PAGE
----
Toronto, Ontario (PRWEB) September 15, 2006 –-
The recent resignation of Hewlett-Packard Chairwoman, Patricia Dunn amid the uproar over the telephone probe scandal brings to our attention the question of what constitutes ethical intelligence gathering. In this new case, the focus is on internal spying in safeguarding critical corporate information, raising the debate of justifiable spying versus legal spying.
Looked at in context, Dunn clearly had to take action in stemming the apparent leak of information from her boardroom. “Given her motivation, the wherewithal, and her clear delegation of the task, perhaps she can be forgiven for presuming that the ends justified the means” says Rodger Harding, a Toronto-based business intelligence consultant and the author of the new book Corporate Intelligence Awareness: Securing the Competitive Edge. He notes that “Today, many companies spy on their employees just because they can. The plethora of convenient technology makes such activity common place. There is a prevailing attitude that it is only a crime when a person is caught.” The legal contention in the HP case will turn around whether or not Dunn knew that her hired consultants obtained the information under false pretext.
In the US – and certainly in Canada with the provisions in its Personal Information Protection and Electronic Documents Act and in its Telecommunications Act – fraudulently obtained information is illegal. Full disclosure is required unless the parties involved have signed prior waivers or agreements to the contrary.
The law may be interpreted widely, however, if disclosure compromises accuracy; for example, insurance claims investigators would not be expected to announce their investigation. If one considers the rise in the use of the Anton Piller remedy that allows authorized civil search and seizure procedures, the boundaries become even more tenuous.
It is strange that this story merits news headlines. After all, breaches of personal privacy happen in our lives every day. Just read the fine print in an employment contract. Most now include provisions for employers to spy on their employees who waive their rights to privacy with their signature. Who really reads every word of the end user license agreements when installing software? Think of hardware devices (including HP products) that install monitoring systems on our computers. Think of companies like Real Networks, Adobe, Microsoft, and many others all in touch with their products on our computers because we have agreed to such action with the click of a button.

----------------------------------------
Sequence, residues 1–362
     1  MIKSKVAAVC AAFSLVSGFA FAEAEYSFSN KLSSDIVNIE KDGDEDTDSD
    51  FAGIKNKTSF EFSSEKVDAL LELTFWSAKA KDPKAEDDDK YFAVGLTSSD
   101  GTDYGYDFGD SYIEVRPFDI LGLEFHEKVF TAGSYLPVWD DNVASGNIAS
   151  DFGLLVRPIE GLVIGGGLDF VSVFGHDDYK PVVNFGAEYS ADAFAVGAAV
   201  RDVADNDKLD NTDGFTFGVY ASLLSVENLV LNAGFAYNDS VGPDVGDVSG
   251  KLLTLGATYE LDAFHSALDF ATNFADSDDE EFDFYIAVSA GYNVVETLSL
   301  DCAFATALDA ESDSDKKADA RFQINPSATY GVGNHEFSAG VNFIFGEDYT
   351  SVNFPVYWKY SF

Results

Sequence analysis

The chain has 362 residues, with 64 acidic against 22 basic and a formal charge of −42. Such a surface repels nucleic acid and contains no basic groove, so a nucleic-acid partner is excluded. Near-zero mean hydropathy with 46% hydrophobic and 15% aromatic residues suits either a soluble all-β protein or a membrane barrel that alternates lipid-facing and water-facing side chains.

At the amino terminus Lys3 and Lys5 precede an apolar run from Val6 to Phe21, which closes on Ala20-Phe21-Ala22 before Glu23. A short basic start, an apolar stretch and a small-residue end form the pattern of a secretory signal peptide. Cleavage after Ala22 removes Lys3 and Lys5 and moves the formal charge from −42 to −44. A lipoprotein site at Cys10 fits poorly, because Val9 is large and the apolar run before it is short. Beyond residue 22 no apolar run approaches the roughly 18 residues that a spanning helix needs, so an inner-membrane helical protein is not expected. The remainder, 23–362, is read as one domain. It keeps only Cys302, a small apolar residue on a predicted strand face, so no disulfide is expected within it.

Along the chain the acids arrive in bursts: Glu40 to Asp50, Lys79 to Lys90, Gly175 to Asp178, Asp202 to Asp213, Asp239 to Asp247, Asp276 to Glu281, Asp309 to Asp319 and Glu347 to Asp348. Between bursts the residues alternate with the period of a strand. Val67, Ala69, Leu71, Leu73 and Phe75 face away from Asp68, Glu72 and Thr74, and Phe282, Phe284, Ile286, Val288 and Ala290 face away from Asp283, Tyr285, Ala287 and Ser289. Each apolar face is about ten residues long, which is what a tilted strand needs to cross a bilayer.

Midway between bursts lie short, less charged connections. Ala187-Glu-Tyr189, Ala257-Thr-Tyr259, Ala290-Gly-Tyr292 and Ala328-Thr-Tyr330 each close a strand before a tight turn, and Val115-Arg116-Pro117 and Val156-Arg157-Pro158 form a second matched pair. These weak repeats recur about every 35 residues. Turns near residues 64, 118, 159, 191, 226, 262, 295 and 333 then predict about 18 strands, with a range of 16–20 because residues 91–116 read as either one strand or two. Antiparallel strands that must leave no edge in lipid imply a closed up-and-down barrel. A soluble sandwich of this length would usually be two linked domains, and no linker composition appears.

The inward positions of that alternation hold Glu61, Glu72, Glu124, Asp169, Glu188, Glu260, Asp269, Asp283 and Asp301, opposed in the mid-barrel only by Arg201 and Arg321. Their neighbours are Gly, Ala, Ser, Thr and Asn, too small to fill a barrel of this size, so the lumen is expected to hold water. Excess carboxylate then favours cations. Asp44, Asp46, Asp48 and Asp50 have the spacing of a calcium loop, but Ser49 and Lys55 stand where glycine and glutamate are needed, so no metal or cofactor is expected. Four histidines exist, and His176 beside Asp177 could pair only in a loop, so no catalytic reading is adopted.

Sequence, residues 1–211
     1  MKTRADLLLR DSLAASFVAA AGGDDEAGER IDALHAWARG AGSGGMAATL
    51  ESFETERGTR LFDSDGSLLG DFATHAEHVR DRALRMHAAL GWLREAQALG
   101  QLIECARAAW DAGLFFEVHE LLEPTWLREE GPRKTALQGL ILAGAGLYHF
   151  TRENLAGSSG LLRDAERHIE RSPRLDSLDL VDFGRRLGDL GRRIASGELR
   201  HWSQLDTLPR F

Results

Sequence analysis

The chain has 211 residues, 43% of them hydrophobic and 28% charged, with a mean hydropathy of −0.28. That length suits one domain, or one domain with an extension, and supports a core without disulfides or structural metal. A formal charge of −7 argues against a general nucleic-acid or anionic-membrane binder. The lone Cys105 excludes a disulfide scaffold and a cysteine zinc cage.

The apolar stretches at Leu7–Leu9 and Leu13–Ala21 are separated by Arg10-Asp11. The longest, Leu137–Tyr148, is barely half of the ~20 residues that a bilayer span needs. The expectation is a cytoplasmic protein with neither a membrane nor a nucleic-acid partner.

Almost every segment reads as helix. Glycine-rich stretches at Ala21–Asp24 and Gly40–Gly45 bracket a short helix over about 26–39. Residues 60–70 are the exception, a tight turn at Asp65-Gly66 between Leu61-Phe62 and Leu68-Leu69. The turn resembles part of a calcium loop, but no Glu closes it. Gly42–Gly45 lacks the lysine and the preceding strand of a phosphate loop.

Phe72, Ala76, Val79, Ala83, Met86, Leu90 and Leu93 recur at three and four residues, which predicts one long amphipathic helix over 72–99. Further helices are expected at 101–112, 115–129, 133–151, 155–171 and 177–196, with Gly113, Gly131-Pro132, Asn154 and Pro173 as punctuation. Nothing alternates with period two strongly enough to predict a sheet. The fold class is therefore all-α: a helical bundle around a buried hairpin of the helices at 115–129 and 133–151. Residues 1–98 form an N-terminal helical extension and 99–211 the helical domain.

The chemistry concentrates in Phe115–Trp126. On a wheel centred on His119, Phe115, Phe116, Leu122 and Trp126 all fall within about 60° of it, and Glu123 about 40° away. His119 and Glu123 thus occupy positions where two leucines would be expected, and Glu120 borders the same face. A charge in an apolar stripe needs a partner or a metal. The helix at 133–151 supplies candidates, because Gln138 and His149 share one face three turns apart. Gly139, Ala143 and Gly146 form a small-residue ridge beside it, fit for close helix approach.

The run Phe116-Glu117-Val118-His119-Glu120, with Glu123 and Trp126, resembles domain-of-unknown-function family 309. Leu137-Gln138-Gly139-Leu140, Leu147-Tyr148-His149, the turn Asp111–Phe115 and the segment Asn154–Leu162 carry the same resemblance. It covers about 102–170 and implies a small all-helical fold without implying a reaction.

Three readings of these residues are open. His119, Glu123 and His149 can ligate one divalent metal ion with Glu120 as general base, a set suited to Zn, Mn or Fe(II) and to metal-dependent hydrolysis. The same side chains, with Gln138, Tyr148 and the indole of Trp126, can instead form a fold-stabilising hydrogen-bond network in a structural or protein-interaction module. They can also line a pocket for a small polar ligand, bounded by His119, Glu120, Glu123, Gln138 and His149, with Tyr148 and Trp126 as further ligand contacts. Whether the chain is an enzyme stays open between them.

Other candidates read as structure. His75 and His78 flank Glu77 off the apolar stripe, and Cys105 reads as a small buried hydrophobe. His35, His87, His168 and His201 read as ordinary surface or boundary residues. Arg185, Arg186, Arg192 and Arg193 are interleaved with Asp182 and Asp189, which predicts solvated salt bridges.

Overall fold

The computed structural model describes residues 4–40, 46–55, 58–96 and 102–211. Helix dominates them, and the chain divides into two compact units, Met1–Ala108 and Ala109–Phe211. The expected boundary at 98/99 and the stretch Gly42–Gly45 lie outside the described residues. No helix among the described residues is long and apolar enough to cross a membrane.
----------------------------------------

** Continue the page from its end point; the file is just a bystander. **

Add to the mix the Sarbanes–Oxley Act and the zero tolerance policies that appeared after the Enron and WorldCom scandals – policies that demand absolute control. It is a small wonder then that corporate executives feel obliged to batten down hatches in the workplace with whatever means are at their disposal. In a despotic environment, “Bring me proof” will send minions scurrying to do just that.
But what transpired behind the closed doors at HP? Harding says that “I’m surprised that HP shares have risen since the news broke. From my viewpoint, the scandal raises several red alerts about the Board and its operation; namely that it is not a cohesive team, there are no open and safe channels of communication, and that board members do not feel comfortable enough to deal with people problems internally. Patricia Dunn’s delegation of unmasking the culprits to an outside consultant is a major red flag that all was not well within the HP inner sanctum, itself a major security breach of intelligence security.”
Is this behaviour an indication of a toxic business environment? Harding notes that “A healthy management team would have seen and heeded the warning signs that must have abounded in the HP boardroom. A team aware of the problems would have processed the resulting clues and come up with a game plan to save the situation before it got out of hand.”
Perhaps it was the failure to accommodate the longest-serving HP director, George Keyworth, that caused him allegedly to leak the information in the first place. How much better off would the organization be if it had fully utilized his talent, creating an environment that engendered his loyalty, despite whatever differences must have existed.
Confrontation is a dirty word in our society. We seldom show displeasure and much less even do we express timely concerns or dissatisfaction. We smile falsely, and resort to back door tactics to achieve our ends. The resulting betrayal of our colleagues slowly but surely erodes confidence and the very moral fabric of our organizations. This erosion is visible to partners, clients, suppliers and the industry at large who have enough corporate intelligence smarts to look for the signs, long before it registers on the internal corporate radar.
Individuals make corporations, and they also break them. The organization that ignores the importance of intelligence awareness – sensitivity to what knowledge individuals might gather or disclose – does so at its peril.
ABOUT RODGER HARDING
Rodger Nevill Harding, B.A., LLB is a former career diplomat for the South African government. While working there, he was awarded the Star of South Africa – the nation’s then highest honour – for his work in intelligence gathering and strategy development. He is the president of Harding International & Associates Inc. (http://www.HardingIntl.com) a Toronto-based management consulting firm teaching intelligence strategy development to corporate executives and government officials.
ABOUT MULTI-MEDIA PUBLICATIONS
Founded in 1988, Multi-Media Publications Inc. is an independent publisher of business books, ebooks, and audiobooks. Its latest book, “Corporate Intelligence Awareness: Securing the Competitive Edge” (ISBN 1895186420, $43.95 hardcover) is available from most online and traditional book retailers. Please visit http://www.mmpubs.com for more information.